Lyngby-Taarbæk Municipality

Lyngby-Taarbæk Municipality (occasionally spelled Lyngby-Tårbæk) is a municipality (Danish, kommune) in the Capital Region of Denmark near Copenhagen on the eastern coast of the island of Zealand (Danish: Sjælland). It is part of the Greater Copenhagen area. The municipality borders Rudersdal Municipality to the north, Furesø Municipality to the west and Gladsaxe and Gentofte Municipality to the south. It borders the Øresund to the east.

Lyngby-Taarbæk Municipality
Lyngby-Taarbæk Kommune
Lyngby town hall
Lyngby town hall
Coat of arms of Lyngby-Taarbæk Municipality
Map DK Lyngby-Tårbæk.PNG
Coordinates: 55°47′00″N 12°30′00″E / 55.783333333333°N 12.5°E / 55.783333333333; 12.5Coordinates: 55°47′00″N 12°30′00″E / 55.783333333333°N 12.5°E / 55.783333333333; 12.5
CountryDenmark
RegionCapital Region
EstablishedApril 1, 1970
SeatKongens Lyngby
Government
 • MayorSofia Osmani (C)
Area
 • Total38.88 km2 (15.01 sq mi)
Population
 (2021)[1]
 • Total56,614
 • Density1,500/km2 (3,800/sq mi)
Time zoneUTC+1 (CET)
 • Summer (DST)UTC+2 (CEST)
Municipal code173
Websitewww.ltk.dk

The municipality covers an area of 39 km², and has a population of 56,614 (2021). Its mayor is Sofia Osmani, a member of the Conservative People's Party. The main town and the site of its municipal council is the town of Kongens Lyngby.

Lyngby-Taarbæk Municipality was not merged with any other municipality in the municipal reform of 2007.

HistoryEdit

In the Middle Ages, when Denmark was divided into syssels, Lyngby-Taarbæk was part of Østersyssel. It later became a part of Copenhagen Fief, which was changed to Copenhagen County in 1661. Although Copenhagen County changed many times over the years, Lyngby-Taarbæk always remained within the borders. When the counties were disestablished in 2007, Lyngby-Taarbæk came under the new Capital Region of Denmark.

Since 1842, and until the 1970 Danish Municipal Reform, Lyngby-Taarbæk was a parish municipality. It became a regular municipality with the 1970 reform, and its borders have remained unchanged since. Lyngby-Taarbæk wasn't merged with any other municipality in the 2007 municipal reform.[2]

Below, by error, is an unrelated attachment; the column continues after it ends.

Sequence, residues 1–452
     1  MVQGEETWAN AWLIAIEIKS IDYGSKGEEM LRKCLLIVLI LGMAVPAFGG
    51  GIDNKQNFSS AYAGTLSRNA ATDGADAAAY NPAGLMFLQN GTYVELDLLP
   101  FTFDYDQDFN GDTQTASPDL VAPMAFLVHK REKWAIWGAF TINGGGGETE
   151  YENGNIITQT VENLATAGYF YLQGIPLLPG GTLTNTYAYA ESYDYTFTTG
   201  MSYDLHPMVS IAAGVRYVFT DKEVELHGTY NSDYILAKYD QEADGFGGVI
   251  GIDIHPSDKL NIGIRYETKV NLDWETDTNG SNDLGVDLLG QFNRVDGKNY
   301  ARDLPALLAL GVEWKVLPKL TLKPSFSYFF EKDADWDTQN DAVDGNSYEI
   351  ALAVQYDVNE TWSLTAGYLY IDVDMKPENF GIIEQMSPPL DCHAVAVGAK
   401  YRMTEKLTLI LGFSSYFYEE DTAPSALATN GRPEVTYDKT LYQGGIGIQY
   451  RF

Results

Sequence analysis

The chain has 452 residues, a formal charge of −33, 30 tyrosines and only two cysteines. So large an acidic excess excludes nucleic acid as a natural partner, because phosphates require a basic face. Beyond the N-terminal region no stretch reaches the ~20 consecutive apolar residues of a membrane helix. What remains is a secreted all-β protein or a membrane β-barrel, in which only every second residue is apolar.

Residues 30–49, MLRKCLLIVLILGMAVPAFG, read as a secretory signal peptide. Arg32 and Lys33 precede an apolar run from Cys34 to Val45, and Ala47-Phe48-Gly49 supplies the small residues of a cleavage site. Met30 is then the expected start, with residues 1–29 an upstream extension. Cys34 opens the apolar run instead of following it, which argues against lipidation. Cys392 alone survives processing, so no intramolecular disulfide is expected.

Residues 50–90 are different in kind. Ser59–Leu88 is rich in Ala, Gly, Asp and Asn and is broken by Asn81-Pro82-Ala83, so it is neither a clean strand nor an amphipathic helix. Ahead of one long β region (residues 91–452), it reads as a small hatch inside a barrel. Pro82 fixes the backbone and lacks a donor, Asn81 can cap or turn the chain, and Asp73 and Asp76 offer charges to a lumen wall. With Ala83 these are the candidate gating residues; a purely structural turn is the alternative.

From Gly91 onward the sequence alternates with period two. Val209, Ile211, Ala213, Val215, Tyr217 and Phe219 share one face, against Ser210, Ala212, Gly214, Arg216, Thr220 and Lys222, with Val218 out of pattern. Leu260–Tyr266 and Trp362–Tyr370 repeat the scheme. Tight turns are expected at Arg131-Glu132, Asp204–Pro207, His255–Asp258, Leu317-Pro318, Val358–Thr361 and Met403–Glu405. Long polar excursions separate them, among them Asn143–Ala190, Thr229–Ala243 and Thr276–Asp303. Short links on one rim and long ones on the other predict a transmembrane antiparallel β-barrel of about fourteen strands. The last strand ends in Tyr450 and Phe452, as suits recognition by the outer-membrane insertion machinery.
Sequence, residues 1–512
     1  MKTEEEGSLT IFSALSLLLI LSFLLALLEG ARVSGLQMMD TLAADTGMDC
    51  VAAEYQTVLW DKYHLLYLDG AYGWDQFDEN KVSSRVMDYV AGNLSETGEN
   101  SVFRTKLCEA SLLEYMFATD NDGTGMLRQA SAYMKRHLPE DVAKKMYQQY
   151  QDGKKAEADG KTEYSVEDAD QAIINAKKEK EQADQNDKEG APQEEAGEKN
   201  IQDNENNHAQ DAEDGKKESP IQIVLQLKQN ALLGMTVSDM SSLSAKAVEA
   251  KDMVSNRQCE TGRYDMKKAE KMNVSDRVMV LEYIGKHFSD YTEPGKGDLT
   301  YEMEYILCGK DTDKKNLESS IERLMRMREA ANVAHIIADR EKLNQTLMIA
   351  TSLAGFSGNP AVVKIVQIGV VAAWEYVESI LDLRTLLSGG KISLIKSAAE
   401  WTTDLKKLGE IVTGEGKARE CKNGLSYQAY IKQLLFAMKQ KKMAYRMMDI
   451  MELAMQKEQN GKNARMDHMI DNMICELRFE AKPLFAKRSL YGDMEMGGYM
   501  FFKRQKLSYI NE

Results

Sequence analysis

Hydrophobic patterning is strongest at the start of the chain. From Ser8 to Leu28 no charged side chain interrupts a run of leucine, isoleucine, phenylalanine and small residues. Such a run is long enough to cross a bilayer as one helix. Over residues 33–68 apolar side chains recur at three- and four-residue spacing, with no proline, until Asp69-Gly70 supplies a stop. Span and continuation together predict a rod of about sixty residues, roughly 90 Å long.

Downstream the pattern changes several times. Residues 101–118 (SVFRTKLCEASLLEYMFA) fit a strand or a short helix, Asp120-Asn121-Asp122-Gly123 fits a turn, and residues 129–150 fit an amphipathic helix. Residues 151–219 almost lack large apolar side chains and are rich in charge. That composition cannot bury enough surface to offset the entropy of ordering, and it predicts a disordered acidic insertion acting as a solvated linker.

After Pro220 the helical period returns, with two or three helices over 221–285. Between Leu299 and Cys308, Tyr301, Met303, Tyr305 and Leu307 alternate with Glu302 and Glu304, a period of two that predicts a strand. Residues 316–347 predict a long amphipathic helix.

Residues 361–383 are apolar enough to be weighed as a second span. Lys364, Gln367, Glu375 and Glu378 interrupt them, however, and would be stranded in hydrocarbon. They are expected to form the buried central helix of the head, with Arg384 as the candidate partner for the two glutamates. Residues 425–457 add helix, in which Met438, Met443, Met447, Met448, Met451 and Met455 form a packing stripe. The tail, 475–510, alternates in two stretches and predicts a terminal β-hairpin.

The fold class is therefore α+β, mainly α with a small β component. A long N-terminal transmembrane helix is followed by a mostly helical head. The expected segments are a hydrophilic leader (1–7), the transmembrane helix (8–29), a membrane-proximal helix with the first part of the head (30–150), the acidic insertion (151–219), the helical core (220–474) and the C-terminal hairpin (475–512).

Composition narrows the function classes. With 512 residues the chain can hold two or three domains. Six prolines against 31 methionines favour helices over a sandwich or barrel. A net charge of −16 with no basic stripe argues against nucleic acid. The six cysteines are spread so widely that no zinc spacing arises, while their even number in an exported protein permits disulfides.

NeighbourhoodsEdit

Nearly the entirety of Lyngby-Taarbæk Municipality is part of the Greater Copenhagen area and so there are no towns or villages in the municipality. Instead there are named neighborhoods. On the list below are all the neighbourhoods with counted populations (numbers as of 2018).[3]

 
Lyngby Storcenter.
Virum 14,454
Kongens Lyngby 12,214
Ulrikkenborg 9,419
Sorgenfri 6,479
Lundtofte 6,210
Hjortekær 5,199
Taarbæk 1,498

Kongens LyngbyEdit

 
House in Bondebyen.

Kongens Lyngby (or simply Lyngby) is located in the southern part of the municipality. The neighbourhoods of Fuglevad, Lundtofte and Fortunen borders Kongens Lyngby to the north. Also bordering Kongens Lyngby are Bagsværd to the west and Buddinge to the south, both located in Gladsaxe Municipality. Also to the south are Vangede and to the east is Jægersborg, both located in Gentofte Municipality. Lyngby Lake is located north of the neighbourhood. The neighbourhood primarily consists of residential buildings, though in the north are numerous facilities and shops, including the mall Lyngby Storcenter. Also located in this area is the neighbourhood's train station and city hall, as well as Lyngby Church.[4]

Bondebyen is a former village, now a part of Kongens Lyngby. Many of the old buildings of the village are preserved and are protected.[5]

TaarbækEdit

 
Villas in Taarbæk.

Taarbæk is a small town or neighbourhood located in the eastern part of the municipality. It borders the Øresund to the east and Jægersborg Dyrehave to the west. Klampenborg is located to the south. Although Taarbæk is technically connected to the Greater Copenhagen Area, and thus a neighbourhood of Copenhagen, it is in the outskirts of the Greater Copenhagen Area and is occasionally referred to as its own town. Taarbæk is a former fishing village, with many old fishing houses preserved. The neighbourhood is, however, dominated by high-end luxury villas. Taarbæk Church and Taarbæk Harbour are both located centrally in the neighbourhood.[6]

VirumEdit